David L. Ulin’s new role at the Los Angeles Times


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David L. Ulin, Times book editor for the last five years, is shifting gears and taking on a new role with the Los Angeles Times as book critic.

In an announcement made Thursday to the newsroom, Assistant Managing Editor of Features Alice Short called it “a natural step” for Ulin to make, citing his background both as an author (“The Myth of Solid Ground: Earthquakes, Prediction and the Fault Line Between Reason and Faith”) and as an editor (his anthologies included the award-winning “Writing Los Angeles: A Literary Anthology”) before coming to the Times in 2005.


Ulin says he’s excited by the challenges of this new position. He’s also proud of how, under his watch, the Times’ book coverage went online, adding several columns devoted to popular genres, establishing the blog Jacket Copy and thinking about books “in a multimedia environment.”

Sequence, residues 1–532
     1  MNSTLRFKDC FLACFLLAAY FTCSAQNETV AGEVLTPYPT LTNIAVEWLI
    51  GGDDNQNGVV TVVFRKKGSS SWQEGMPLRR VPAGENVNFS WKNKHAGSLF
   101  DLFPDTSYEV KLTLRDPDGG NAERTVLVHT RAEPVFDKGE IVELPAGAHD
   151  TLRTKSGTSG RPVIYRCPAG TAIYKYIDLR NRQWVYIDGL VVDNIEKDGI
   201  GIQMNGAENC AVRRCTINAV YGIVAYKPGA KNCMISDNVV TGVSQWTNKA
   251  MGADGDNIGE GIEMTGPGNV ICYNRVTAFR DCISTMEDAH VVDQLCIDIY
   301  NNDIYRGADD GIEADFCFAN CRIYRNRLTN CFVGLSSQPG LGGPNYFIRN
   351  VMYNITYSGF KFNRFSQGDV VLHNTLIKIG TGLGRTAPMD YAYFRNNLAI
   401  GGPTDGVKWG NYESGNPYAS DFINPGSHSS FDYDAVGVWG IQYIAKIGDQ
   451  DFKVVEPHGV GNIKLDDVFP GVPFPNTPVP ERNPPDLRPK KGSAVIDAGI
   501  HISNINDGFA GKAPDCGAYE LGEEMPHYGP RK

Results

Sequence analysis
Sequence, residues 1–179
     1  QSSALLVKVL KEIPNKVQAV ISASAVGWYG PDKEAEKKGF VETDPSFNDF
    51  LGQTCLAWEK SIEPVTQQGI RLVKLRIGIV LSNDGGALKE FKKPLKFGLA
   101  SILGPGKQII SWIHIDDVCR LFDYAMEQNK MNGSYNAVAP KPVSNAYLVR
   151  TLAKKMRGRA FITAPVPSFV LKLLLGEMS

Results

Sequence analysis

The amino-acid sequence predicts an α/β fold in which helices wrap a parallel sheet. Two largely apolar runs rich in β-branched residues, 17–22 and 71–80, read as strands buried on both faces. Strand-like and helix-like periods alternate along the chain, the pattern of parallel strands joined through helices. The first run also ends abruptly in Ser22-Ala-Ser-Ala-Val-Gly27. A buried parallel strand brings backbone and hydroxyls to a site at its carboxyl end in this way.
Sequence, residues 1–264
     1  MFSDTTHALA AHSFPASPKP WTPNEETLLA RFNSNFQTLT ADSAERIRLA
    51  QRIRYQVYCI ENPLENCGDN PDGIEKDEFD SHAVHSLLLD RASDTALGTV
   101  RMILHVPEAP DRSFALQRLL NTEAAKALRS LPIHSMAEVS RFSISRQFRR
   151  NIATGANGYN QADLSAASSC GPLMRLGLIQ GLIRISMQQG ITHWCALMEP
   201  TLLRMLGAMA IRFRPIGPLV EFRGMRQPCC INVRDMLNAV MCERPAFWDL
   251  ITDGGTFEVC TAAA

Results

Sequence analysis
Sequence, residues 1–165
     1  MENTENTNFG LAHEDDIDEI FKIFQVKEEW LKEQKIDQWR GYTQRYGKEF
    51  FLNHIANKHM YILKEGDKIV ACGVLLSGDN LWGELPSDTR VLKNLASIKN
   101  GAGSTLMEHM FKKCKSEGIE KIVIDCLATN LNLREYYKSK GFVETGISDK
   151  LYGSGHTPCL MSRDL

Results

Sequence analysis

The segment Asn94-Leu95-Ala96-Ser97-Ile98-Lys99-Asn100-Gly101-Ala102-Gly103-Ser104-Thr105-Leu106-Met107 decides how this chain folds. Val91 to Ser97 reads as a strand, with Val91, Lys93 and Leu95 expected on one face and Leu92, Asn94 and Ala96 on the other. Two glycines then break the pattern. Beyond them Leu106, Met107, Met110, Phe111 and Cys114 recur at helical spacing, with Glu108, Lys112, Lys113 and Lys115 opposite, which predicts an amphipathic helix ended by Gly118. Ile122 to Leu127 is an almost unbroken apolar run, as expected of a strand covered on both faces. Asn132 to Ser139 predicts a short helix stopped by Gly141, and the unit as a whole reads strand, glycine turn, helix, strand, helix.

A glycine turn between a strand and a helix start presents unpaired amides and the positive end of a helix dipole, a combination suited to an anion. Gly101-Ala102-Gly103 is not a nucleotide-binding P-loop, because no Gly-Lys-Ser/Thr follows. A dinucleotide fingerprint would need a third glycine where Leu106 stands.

Ulin notes how, in the last five years, The Times’ book coverage has also been able to focus on “independent presses and lesser known writers and literary fiction, at a time when many papers were looking to cover other kinds of books.”

Though Ulin’s role is changing, Short said in the announcement that he will “continue to work with the editors of the Book Review and be a guiding light for the Los Angeles Times Festival of Books.”

Ulin’s work has appeared in the Los Angeles Times Magazine, the New York Times Book Review, the Atlantic Monthly, Newsday and the Nation, as well as on NPR’s “All Things Considered.” His new book, “The Lost Art of Reading” -- which grew out of a widely read essay that appeared in The Times in August -- is forthcoming in November.

-- from the Times staff

David L. Ulin in 2002, after the publication of “Writing Los Angeles: A Literary Anthology.” Credit: Lawrence K. Ho / Los Angeles Times

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